If anyone thinks the NFL isn’t paying attention to everything that is being said about its handling of the work stoppage, think again.
After a Colts blogger who also is a long-time season-ticket holder expressed displeasure with Commissioner Roger Goodell’s recent conference call with Colts’ season-ticket holders (including a suggestion that the whole thing had been pre-recorded), Paul Kuharsky of ESPN.com wrote an item about Nate Dunlevy’s displeasure.
“The vast majority of the questions had little to do with the lockout,” Dunlevy told Kuharsky. “The ones that did, Goodell gave a potboiler answer to that we’ve heard a thousand times. Many of us were on the line with real, hard questions and they didn’t field a single one I would classify as difficult.”
As a result, Dunlevy was able to ask his question (and a few others) directly to Goodell. Because Goodell called him, directly. Dunlevy has written about the conversation at 18to88.com.
Dunlevy initially focused on a topic about which we have spilled plenty of e-ink in recent weeks: The “lockout insurance” case. Specifically, he asked whether Goodell regrets that the situation created an environment of mistrust between the players and the league.
“Mr. Goodell responded by taking me back to the economic climate of 2008 and insisted that the contract was in the best interest of all the NFL’s business partners,” Dunlevy writes. “I asked him if he felt the NFL had behaved ethically in regards to the TV contracts, and he reiterated that he did believe the NFL had behaved in an appropriate manner and for the good of all their business partners including the players. He did not regret the contracts and felt they were conducted appropriately.”
Coincidentally, we discussed this specific issue earlier today on PFT Live with Daniel Kaplan of SportsBusiness Journal. I’ve long believed that the players’ argument has a high degree of merit. The requirement that the networks pay money (even if it is a loan) during a lockout constitutes a contractual term that the league could have swapped for greater rights fees during the normal course of football business. Though it’s entirely possible that, as to some of the networks, no more money could have been obtained, the fact that DirecTV will pay the nonrefundable amount $400 million for a season of no football (including a lot more on top of that amount that would be repaid) means that DirecTV would have and could have shifted that money into the total payments made under the life of the deal.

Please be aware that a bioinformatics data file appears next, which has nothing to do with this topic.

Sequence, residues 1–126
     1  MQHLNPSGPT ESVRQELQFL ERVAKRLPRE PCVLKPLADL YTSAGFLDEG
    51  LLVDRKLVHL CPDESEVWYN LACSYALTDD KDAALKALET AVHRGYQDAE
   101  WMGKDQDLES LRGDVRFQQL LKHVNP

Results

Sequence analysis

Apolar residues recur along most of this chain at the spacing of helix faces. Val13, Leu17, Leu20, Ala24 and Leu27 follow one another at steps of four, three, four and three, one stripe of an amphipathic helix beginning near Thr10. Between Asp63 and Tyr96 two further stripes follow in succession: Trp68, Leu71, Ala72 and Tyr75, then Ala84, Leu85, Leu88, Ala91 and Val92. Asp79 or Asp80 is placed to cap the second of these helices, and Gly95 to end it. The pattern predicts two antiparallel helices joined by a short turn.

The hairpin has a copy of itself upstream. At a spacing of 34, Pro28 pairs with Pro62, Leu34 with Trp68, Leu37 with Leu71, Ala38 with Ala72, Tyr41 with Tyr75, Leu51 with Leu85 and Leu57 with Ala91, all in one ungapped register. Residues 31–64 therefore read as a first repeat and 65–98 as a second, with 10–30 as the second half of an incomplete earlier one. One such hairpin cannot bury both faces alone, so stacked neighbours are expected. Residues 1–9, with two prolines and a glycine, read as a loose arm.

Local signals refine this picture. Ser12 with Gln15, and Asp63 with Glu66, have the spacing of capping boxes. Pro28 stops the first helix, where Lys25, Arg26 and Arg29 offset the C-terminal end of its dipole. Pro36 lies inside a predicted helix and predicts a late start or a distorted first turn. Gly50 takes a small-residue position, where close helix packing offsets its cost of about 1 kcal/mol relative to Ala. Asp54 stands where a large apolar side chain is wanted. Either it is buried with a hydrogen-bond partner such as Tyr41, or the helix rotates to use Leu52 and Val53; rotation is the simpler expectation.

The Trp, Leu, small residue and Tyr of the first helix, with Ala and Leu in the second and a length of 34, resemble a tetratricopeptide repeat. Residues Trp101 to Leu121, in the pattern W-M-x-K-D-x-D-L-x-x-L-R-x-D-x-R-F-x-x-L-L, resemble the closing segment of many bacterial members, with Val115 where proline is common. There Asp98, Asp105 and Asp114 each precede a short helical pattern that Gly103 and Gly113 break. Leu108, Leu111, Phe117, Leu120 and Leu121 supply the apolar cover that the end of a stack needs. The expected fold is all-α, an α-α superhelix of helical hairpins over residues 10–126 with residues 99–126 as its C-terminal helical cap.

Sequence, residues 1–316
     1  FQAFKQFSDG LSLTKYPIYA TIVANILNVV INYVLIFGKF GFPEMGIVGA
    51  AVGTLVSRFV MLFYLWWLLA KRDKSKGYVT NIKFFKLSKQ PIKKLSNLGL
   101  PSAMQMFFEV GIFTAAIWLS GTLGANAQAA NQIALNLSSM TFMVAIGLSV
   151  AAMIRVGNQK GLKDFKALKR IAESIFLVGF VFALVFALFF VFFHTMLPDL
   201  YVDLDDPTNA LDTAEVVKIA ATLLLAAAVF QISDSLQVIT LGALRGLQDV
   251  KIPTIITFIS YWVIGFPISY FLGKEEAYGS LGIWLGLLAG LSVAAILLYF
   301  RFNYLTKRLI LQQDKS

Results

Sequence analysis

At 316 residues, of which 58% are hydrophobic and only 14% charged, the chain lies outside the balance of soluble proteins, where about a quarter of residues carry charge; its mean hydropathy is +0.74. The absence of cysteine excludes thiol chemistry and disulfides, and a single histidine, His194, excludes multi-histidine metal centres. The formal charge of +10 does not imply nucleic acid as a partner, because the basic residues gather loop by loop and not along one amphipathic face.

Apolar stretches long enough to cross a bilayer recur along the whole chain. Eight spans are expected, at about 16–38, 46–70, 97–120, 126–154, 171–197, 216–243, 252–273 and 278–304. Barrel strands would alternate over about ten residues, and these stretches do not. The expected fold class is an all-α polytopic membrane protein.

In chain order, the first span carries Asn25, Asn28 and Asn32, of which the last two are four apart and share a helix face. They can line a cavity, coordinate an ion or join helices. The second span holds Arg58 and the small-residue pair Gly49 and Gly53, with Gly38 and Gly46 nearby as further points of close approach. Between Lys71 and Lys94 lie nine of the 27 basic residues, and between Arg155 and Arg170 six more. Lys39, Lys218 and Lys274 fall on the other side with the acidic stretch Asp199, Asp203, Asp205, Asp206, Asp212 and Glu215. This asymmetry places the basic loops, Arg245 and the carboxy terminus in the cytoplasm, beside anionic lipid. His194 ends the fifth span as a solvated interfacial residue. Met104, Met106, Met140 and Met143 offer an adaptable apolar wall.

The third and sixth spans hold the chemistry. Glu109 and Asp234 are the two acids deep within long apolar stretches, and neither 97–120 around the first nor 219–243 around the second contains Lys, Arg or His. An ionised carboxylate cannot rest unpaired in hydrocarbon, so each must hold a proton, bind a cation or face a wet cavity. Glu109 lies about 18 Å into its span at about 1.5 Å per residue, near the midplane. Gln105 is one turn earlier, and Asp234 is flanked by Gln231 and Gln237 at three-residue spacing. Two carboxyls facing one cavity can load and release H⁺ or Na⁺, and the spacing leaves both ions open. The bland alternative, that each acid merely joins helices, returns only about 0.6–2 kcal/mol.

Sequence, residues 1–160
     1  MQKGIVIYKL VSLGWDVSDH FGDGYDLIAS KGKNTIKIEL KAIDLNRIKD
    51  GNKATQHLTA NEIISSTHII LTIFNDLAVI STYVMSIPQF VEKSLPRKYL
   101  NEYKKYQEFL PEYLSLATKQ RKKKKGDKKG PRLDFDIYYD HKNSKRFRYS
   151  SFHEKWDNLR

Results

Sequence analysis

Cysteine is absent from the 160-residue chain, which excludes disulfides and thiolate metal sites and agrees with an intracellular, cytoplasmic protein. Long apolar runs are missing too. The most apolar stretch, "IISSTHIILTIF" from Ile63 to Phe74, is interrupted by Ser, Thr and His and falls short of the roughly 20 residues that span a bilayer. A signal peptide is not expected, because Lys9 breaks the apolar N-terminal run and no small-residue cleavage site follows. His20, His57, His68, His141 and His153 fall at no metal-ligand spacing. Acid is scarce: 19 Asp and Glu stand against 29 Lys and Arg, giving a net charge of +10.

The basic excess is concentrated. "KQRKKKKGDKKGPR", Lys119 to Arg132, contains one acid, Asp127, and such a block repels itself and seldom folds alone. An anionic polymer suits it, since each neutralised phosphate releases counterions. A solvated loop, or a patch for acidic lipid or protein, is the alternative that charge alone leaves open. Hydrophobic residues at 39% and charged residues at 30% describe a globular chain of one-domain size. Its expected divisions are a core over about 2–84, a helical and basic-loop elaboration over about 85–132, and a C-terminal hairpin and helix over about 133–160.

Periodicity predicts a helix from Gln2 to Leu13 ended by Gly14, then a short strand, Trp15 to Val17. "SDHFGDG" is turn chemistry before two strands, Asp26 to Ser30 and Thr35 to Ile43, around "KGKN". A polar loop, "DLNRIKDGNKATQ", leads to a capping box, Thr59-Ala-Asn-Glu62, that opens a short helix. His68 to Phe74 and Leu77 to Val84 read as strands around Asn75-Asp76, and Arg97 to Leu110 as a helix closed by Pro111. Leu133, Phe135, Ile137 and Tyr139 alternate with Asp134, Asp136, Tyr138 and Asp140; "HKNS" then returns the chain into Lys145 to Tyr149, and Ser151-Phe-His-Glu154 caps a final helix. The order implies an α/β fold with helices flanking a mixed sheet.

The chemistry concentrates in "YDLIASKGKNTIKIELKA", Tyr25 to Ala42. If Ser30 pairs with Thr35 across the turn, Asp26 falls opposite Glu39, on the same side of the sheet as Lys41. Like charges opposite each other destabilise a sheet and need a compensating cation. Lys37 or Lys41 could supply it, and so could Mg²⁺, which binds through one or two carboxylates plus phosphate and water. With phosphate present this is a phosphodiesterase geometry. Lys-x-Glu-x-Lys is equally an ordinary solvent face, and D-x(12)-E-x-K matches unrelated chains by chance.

The conversation eventually turned to the broader question of whether Goodell has any regrets regarding the league’s handling of the labor dispute.
“I asked Mr. Goodell if there was any aspect of the NFL’s conduct during the negotiations that he regretted, if there was anything he would have done differently, if there was any culpability to be shared by the league for the current state of affairs,” Dunlevy writes. “He responded that no, while obviously he has given considerable thought as to what could be done to get a a deal accomplished, he felt the NFL had behaved appropriately. He said that one always runs back over such negotiations searching for what could have been done differently, but that he did not believe there was anything that could have been changed. He then expressed frustration at the fact that the discussions were taking place in a courtroom rather than in mediated settlement talks.”
We don’t expect Goodell to say anything differently, even though (in all candor) we don’t believe it. We think the league regrets the manner in which the final days of mediation were handled prior to the decertification of the union, and we think the league would have provided the players with more face time in those days, along with more time to digest and respond to the offer that was finally made on the day that everything fell apart.
Hopefully, no one will ever have to ask Goodell if he regrets the fact that regular-season games were lost because of the lockout.
In the interim, let there be no doubt that the NFL is watching and listening. And if you complain loudly enough, who knows? You may get a call from the Commissioner, too.